Though the plot pivots on an abusive arranged marriage, this film shows how families can arrange themselves around problems in a way that facilitates catastrophe. Because he's the cherished son working many jobs to support a multi-generational household, no one challenges or sanctions Rocky Dhillon (Vansh Bhardwaj) when he unleashes violence on his new bride, Chand (Preity Zinta). Rocky's mother worships him. His sister excuses him. Everyone else in the home fears him. Chand came from northern India to join this other Punjabi family in Brampton, a suburb of Toronto.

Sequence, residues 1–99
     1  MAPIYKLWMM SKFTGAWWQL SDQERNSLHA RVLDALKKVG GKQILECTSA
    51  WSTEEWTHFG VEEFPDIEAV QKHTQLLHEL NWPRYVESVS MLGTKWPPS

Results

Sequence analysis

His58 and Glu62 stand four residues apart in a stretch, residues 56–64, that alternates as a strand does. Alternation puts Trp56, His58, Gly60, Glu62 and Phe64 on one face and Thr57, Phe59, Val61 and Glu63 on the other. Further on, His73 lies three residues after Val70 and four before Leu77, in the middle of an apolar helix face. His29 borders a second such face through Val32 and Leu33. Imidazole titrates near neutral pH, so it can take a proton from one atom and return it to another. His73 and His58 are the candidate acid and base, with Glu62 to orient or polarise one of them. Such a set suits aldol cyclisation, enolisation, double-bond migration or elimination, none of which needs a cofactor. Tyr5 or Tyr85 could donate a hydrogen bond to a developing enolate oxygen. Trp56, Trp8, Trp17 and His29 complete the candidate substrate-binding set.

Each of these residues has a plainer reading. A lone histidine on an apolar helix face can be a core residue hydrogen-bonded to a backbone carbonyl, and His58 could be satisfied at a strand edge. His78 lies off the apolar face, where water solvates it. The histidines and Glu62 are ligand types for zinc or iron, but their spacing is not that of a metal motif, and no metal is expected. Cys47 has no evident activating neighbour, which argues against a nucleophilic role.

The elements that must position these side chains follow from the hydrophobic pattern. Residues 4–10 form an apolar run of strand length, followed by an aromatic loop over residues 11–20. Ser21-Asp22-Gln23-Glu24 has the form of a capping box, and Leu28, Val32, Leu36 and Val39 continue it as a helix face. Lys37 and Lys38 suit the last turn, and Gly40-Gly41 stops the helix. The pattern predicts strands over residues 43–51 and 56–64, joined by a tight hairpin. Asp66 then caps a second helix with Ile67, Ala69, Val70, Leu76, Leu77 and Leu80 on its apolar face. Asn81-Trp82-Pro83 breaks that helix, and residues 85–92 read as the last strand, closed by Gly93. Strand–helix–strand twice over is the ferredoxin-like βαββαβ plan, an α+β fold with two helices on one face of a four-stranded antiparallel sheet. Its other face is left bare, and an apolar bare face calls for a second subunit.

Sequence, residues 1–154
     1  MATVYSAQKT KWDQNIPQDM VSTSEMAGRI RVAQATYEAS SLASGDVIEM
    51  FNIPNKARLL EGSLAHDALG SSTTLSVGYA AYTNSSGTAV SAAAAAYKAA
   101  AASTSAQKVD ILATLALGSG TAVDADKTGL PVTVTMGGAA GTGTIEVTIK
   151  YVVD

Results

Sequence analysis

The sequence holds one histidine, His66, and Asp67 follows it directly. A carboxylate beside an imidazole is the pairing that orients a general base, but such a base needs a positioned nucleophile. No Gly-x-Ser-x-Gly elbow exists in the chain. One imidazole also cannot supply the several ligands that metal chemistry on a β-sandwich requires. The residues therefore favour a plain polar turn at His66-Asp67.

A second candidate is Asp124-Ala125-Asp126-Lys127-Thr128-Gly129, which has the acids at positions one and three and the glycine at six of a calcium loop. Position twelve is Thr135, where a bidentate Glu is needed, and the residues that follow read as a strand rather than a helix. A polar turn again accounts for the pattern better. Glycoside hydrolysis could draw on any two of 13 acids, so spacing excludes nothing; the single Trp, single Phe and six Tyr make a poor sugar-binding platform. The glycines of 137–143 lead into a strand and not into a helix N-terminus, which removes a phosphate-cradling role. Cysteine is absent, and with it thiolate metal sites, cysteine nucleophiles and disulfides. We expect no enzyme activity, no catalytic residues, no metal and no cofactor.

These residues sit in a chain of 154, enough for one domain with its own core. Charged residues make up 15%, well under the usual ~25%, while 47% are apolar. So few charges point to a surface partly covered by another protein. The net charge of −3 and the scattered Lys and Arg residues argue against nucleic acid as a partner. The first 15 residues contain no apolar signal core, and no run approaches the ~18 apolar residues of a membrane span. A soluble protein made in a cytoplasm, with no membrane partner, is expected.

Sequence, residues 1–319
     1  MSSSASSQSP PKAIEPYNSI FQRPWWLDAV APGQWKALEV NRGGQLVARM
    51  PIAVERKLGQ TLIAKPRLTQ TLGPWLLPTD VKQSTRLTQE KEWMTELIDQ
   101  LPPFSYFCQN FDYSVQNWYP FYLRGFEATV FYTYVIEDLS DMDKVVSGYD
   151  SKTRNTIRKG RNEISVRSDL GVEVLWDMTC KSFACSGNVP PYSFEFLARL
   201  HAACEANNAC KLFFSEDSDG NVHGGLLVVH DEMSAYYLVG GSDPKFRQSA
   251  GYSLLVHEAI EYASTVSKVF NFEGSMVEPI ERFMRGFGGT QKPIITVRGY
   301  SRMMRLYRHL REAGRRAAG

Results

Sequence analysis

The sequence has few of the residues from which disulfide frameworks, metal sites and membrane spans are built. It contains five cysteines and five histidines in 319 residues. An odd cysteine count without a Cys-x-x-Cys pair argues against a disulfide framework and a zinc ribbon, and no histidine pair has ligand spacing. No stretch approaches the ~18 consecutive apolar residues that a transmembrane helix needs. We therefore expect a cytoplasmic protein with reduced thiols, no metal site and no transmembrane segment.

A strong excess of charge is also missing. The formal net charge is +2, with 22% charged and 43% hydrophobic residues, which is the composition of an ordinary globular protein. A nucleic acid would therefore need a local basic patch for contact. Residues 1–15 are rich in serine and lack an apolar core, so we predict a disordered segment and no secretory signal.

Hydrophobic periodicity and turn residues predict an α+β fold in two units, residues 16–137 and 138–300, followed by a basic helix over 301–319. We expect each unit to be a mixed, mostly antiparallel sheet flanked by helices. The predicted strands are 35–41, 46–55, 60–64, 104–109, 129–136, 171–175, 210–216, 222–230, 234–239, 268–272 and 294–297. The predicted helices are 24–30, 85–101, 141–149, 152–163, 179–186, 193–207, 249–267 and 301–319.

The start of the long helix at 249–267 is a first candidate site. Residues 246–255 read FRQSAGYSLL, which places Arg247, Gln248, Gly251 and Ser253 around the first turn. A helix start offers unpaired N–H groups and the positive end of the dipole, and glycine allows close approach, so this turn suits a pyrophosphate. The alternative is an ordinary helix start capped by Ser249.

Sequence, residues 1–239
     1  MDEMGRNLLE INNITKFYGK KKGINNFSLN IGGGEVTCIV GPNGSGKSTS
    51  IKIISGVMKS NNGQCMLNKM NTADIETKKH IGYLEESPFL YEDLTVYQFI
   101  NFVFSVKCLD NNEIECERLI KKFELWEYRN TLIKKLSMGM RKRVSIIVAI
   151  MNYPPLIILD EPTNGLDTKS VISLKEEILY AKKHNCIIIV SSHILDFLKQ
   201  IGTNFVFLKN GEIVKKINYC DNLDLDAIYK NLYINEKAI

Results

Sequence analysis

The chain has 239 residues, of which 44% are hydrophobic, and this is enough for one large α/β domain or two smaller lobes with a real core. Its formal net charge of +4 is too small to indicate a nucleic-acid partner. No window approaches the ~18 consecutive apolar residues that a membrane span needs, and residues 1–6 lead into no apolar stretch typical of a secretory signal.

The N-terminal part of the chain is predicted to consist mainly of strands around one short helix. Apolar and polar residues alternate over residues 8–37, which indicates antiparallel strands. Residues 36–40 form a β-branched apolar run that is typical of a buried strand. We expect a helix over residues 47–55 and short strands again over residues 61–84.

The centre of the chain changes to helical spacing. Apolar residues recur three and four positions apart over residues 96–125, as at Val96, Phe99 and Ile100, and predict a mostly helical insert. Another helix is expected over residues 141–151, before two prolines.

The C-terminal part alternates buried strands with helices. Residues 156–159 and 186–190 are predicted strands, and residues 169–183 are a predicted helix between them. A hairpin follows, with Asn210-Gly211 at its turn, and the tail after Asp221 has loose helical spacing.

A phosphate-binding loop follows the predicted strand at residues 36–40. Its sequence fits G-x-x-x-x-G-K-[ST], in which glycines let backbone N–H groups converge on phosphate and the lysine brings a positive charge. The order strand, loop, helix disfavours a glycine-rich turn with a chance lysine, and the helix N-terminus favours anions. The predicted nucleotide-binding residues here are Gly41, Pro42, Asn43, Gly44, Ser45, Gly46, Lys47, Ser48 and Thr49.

As director, Mehta sets most scenes in a plain house with sparse yards, crowded kitchen and fighting children. The lighting is drab, unlike so much of her work. She uses simple but symbolic black-and-white sequences to transition into Chand's interior, where she draws on mythology (a story she was told by her mother), to figure out what she can and will do to save herself. Her decision, and action, at the end of the film will cause debate and disagreement. Mehta does this well. She confronts viewers with an uncomfortable question: Is Rocky, by nature, bad or evil, or is he an angry, immature young man heaped with too much responsibility, who needs to be disarmed and helped?